It was a one-year tour, dependents-restricted. It simply means my wife and family were not allowed to join me. Because I named Olongapo as my “designated place” for dependents while overseas, the government paid for my family’s flight to Clark Air Base. We traveled together as far as Okinawa, where I got off and they continued to the Philippines.
I was 26 and 27-years old when I was stationed there. Maybe that has a lot to do with it. The humidity didn’t bother me back then, except when I was trying to sleep.
The only thing Okinawa has in common with the Philippines is the weather, including typhoons every year. Some of the typhoons hit the Philippines first and some don’t.
There was a trail on the base called the “Habu Trail”. I don’t think it had an official name. Me and some other marines would run on part of it two or three times a week, enough to reach three miles. Sometimes it was all the way around, which was more than five miles.
I probably enjoyed it more than other marines for various reasons. One reason is that Josie (my wife) was with me for about six months.
For the first three months, I lived in the barracks. It took about 20 minutes to walk to the squadron headquarters and another 20 minutes to walk back. It didn’t take me long to figure out riding a bike would be a better idea.
One of my coworkers and I went to the post exchange at Camp Foster, where I bought a 10-speed mountain bike. I used it until I bought an island car. It was a 1978 Mitsubishi Galant. I had to replace the automatic transmission, which only cost me about $100 at a junkyard. The total cost was about $700. I sold it for $500 when I left the country.
Driving on Okinawa was a challenge. I had to memorize all the signs, which were mostly written in Japanese. I drove on the left side of the road instead of the right. The steering wheel was on the right instead of the left. I had to shift with my left hand. The side mirrors were near the front of the hood, not next to the windows.
I wouldn’t have bought that car if Josie didn’t decide to join me. She bought a one-way ticket and we had to go somewhere to get a visa for a year. I don’t remember anything about it. Just before she arrived, I rented an apartment in Ginowan, which is right outside the Camp Futenma gate. Driving from the apartment to where I worked took no more than 15 minutes on a bad day.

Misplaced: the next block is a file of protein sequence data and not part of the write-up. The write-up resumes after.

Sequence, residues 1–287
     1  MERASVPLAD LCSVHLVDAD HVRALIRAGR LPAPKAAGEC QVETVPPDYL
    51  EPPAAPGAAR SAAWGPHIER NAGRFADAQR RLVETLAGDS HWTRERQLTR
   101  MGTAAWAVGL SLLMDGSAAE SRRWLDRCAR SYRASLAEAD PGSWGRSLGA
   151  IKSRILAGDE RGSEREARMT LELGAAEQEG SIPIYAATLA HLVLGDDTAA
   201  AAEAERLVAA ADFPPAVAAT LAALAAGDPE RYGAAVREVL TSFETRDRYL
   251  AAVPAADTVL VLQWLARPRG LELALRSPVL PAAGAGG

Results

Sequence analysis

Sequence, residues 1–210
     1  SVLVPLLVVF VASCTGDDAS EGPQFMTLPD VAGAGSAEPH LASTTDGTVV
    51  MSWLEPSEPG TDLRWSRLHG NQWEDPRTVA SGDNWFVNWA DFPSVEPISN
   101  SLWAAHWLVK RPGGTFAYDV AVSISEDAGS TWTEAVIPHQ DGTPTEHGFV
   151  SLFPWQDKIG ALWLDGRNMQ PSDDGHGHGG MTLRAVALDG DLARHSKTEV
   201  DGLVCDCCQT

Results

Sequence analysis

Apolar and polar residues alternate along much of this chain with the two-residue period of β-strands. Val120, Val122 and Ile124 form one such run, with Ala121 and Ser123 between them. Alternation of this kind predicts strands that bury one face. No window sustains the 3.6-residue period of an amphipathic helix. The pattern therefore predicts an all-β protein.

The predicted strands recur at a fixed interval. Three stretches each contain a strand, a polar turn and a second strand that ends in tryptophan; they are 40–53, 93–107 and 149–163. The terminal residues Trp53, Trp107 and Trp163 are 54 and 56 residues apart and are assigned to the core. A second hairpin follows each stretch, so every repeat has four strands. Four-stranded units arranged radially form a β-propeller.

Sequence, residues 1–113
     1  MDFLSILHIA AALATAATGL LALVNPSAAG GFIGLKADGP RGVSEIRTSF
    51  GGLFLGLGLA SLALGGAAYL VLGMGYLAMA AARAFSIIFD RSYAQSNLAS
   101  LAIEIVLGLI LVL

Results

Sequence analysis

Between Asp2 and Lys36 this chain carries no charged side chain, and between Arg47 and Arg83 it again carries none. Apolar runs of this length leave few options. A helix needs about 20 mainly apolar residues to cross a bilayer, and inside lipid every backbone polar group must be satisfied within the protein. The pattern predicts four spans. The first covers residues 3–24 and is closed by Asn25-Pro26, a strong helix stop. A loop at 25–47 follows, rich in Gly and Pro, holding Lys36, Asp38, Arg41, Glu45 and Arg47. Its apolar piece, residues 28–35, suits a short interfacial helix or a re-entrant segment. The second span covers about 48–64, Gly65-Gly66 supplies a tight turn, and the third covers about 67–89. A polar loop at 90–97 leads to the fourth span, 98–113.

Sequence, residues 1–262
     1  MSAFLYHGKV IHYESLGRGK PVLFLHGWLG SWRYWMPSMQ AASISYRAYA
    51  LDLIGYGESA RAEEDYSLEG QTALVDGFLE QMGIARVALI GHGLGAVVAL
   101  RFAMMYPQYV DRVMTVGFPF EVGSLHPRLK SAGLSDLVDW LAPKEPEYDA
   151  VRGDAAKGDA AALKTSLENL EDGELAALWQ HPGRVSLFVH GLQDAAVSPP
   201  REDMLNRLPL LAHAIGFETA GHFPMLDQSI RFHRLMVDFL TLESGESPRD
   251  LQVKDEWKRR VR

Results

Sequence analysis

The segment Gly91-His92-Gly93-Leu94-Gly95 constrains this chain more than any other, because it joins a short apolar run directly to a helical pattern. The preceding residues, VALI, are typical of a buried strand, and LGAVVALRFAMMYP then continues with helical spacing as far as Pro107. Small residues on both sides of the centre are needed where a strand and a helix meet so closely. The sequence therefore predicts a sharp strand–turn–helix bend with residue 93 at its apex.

We went everywhere we had time to go on the island. I remember a place called “the expo” but I don’t know what it was officially called.
Our children stayed with Josie’s family in Olongapo and didn’t leave until we all left when I was transferred again. The government granted me circuitous travel by air from Okinawa to Phoenix, Arizona, and by car from Phoenix to Jacksonville, North Carolina. I was able to stop in the Philippines and pick up the family.
There were plenty of Filipino military wives that accused us of cheating the government, stealing or something because it didn’t cost me anything to move them to the Philippines and back. Just because their husbands didn’t know what they were doing didn’t mean I was doing anything wrong.
I worked in administration. That was my career. I made it my business to know everything I could about military travel. I made sure my travel orders were correct and the disbursing office reimbursed me for most of my out-of-pocket expenses. After all, pulling up roots and moving from place to place was never a choice I could make until after I retired.
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